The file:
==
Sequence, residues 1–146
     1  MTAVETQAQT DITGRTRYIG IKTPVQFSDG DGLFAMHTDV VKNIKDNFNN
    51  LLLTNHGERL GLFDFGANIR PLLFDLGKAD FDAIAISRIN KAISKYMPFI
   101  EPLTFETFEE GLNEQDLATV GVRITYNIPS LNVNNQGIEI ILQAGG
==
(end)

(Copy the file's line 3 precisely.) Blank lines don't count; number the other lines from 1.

    51  LLLTNHGERL GLFDFGANIR PLLFDLGKAD FDAIAISRIN KAISKYMPFI